May 25, 2017
Thoughts on Strategies in Light 2017
Strategies in Light (SiL) is for the luminaire manufacturing community what Lightfair is for the specification world. It’s been the conference home for the industry’s OEM/nerd segment, and the presentations and exhibitors reflect that. Walking around the trade show floor, you’ll see many component, optic, power supply, communications, and semiconductor vendors that you may not see at Lightfair. Though perhaps they are a few years from prime time, the ideas presented make SiL a great place to explore where lighting is headed in a technical sense. Here are some thoughts on this year’s event:
IoT Faces an Uphill Battle
For the second year in a row, SiL dedicated an exclusive conference track to the Internet of Things (IoT) in lighting. My favorite new term is “clever” lighting: lighting which integrates communications and control but isn’t a sensor-laden “smart” device.
Clever lighting is going to be a big deal according to lighting conglomerates and startups catering to that market. However, as one of the SiL keynote speakers mentioned, once a “non-smart” SSL luminaire is installed (either in new construction or as a retrofit), it likely won’t be upgraded to a smart system for years.
The smart lighting market has to move fast if they want to expand their potential beyond one-off demonstration projects. IoT companies that don’t rely on lighting as their only pathway into the general market will be most successful.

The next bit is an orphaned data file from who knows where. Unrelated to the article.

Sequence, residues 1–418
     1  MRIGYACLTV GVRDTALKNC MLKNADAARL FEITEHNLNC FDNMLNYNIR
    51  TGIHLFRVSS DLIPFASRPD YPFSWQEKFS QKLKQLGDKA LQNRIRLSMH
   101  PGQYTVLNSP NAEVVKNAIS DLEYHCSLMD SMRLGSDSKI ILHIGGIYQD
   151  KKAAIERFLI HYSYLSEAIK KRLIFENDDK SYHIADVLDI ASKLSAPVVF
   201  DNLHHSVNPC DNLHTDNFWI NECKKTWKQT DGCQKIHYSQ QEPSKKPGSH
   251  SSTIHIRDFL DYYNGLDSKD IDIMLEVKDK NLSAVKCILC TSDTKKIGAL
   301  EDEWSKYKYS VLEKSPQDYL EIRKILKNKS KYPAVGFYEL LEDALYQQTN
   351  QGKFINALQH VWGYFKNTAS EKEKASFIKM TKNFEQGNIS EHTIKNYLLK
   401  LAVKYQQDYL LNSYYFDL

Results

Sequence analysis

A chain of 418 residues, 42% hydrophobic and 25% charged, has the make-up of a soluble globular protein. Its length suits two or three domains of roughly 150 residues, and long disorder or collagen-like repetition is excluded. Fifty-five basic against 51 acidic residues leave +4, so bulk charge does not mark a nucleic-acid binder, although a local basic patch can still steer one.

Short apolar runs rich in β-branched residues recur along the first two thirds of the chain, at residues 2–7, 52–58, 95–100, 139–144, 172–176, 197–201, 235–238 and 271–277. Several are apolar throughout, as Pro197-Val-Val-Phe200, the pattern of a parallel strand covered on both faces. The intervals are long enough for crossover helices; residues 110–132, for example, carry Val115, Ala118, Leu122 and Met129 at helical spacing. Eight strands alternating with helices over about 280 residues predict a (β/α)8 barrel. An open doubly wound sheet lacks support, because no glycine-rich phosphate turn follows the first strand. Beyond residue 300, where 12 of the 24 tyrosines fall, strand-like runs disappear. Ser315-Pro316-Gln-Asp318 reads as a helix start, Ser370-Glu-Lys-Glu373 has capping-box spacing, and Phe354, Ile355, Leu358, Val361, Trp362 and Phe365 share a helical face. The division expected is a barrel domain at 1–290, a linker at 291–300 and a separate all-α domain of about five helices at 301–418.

In fact, LEDs Magazine just published an article suggesting this may be a bigger problem than many want to admit.
Niche Segments are the Greatest Areas of Growth for SSL
While there’s still development in the general lighting LED space, other niche applications like automotive, horticultural, and disinfection have potential—you’ll see emitter manufacturers investing more in these spaces. White light LEDs, particularly the mid-power class that dominates general lighting, are now effectively commoditized.
Recently, the roadmaps I’ve seen from emitter manufacturers within that mid-power class suggest a “levelling off” in the pace of efficacy improvements. Whether this is due to less money for R&D or an approaching physical limit in what can be done with blue-pumped, phosphor-converted LEDs is a topic for another blog post.
New Opportunities Emerge
Look for more LED manufacturers to progress into the module and array space. Chip-scale packaged emitters, for example, are the next big thing. However, the specialized equipment they need will impede module makers in the short term—LED manufacturers themselves may be better positioned to build these into arrays that luminaire manufacturers can use.
I smiled when a speaker on OLED lighting mentioned Visa Lighting as one of the companies at the forefront of commercial-grade luminaires using these sources—and one of the very few where OLEDs are standard.
Also gaining momentum are laser diode-pumped light sources for high luminance applications. These will be pretty interesting once they have resolved CCT and binning consistency hurdles.
Not everything at SiL impressed, however. Located next to the SiL exhibit area, Lightspace California was…underwhelming. This “show” was advertised as a new and exciting event for specifiers and exhibited several architectural fixture companies, yet it quickly became the area to sit quietly or check your phone messages. I think that PennWell (who owns SiL and LEDs Magazine) should not bring this back next year. Let SiL serve the OEMs and let Lightfair serve the specifier community.